Date of Award

12-22-2009

Document Type

Dissertation

Degree Name

Doctor of Philosophy (PhD)

Department

English

First Advisor

Gian S. Pagnucci, Ph.D.

Second Advisor

Patrick Bizzaro, Ph.D.

Third Advisor

Michael M. Williamson, Ph.D.

Abstract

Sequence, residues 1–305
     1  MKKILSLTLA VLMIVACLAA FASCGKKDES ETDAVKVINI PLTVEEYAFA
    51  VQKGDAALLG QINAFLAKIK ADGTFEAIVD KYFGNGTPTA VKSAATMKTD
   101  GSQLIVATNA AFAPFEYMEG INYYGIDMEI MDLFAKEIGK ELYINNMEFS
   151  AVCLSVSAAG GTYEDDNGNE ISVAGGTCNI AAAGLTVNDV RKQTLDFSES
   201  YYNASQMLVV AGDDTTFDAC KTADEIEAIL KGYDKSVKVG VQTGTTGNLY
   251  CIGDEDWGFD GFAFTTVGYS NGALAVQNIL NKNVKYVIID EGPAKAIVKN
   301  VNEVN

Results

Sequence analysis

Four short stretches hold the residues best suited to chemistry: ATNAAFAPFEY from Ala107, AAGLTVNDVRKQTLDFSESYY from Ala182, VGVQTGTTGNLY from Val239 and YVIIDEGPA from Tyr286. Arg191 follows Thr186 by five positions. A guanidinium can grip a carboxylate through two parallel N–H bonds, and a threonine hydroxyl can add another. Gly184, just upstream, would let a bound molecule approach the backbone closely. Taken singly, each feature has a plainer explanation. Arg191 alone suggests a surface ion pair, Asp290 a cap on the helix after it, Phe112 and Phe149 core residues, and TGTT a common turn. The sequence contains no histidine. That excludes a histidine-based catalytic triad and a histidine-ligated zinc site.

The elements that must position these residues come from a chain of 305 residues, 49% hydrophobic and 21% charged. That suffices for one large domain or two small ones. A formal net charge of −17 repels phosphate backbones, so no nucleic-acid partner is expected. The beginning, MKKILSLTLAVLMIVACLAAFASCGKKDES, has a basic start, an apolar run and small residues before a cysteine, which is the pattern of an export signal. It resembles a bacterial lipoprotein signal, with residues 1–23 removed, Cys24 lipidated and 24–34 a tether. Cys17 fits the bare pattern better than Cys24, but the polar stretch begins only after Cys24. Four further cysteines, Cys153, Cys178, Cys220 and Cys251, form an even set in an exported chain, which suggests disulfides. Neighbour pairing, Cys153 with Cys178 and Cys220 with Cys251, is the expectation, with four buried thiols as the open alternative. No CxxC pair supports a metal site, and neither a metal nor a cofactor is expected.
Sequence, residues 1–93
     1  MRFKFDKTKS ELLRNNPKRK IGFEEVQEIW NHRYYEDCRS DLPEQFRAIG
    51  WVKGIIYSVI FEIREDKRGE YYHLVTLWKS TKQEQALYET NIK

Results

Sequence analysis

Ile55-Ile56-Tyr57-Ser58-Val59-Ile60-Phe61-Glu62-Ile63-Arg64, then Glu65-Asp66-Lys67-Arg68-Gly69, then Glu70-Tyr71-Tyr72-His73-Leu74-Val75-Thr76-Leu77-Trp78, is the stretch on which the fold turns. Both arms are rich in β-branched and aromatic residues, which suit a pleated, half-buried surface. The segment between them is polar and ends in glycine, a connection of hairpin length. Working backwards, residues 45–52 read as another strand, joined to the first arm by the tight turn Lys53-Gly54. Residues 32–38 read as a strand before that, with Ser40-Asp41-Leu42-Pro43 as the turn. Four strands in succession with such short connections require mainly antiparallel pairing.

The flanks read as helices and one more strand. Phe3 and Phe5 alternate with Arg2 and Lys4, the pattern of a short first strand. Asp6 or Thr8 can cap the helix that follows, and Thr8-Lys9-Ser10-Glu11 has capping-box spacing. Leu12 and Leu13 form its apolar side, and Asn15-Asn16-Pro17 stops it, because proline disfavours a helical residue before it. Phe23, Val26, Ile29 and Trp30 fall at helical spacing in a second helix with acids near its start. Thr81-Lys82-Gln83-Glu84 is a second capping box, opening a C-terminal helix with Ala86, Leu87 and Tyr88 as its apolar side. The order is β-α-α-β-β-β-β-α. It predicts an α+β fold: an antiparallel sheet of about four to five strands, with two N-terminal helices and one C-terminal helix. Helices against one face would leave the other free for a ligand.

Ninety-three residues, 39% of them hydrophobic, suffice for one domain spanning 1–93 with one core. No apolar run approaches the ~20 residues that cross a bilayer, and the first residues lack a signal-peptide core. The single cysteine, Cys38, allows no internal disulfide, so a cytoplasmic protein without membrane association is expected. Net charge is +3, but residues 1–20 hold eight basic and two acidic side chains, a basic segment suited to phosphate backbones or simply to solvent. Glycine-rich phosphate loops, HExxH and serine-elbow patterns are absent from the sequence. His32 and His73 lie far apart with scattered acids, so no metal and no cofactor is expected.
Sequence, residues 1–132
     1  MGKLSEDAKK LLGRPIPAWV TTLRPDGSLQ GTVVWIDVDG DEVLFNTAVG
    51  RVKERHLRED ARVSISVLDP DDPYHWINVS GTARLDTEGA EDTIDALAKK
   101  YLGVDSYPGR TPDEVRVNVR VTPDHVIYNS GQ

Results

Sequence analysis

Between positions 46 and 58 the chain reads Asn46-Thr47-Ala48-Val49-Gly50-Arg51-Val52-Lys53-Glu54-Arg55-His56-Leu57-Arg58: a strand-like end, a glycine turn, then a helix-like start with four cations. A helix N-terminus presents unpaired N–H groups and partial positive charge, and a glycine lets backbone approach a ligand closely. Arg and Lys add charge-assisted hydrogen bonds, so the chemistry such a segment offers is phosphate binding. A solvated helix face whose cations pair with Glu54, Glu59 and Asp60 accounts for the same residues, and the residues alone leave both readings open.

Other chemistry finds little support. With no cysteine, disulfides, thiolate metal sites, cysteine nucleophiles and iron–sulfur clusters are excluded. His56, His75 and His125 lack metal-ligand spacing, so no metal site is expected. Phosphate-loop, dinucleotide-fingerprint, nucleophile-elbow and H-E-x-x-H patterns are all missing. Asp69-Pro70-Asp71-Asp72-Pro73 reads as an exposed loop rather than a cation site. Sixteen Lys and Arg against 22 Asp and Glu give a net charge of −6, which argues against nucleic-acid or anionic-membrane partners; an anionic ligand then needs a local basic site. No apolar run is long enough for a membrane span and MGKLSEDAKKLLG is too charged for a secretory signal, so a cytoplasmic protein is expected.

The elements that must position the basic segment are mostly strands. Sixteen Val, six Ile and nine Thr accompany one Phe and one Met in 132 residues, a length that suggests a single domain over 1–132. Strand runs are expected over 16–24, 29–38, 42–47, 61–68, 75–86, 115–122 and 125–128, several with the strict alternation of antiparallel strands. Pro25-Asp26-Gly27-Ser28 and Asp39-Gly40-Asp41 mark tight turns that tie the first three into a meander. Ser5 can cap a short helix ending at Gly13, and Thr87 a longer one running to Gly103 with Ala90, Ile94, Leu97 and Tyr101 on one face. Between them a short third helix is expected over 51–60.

This study seeks locations where creative writing and composition may find common ground. Through interviews with scholars and students working at the intersection of these two avenues of English Studies, this dissertation examines pedagogical, theoretical, disciplinary and institutional connections and divisions between creative writing and composition. The study consists of interviews eight individuals who are actively involved in creative writing and composition. These individuals ranged from very widely published scholars to graduate students. My questions were, how do compositionists working in creative writing and creative writers working in composition find space for themselves in a very territorial world; and how would they like to see that world change for the future of writing studies? The data from this study point out that there are underlying philosophical differences between creative writing and composition that make reconciliation unlikely at best. Rather than saving the marriage after years of separation, a better model for the future may be an amicable divorce in which both parties continue to come together for important events in the family that is English studies. In addition, the study shows that there are serious problems within the use and abuse of the workshop model of teaching creative writing. The data show that while the original intent of the workshop may be noble, it has been warped in too many cases and become harsh, competitive, and unforgiving. Additional study is recommended to create a Best Practices model for the workshop. Finally, the study brings to light the issues of gender and employment within creative writing and composition. Although this study employed feminist methodology and means of representation, there is still reluctance – both on my part as the researcher and the part of the participants – to speak to these issues. Suggestions for the improvement of teaching creative writing made by the participants are in line with feminist theories of writing and pedagogy, and point to the need for further exploration of the implementation of these ideas.

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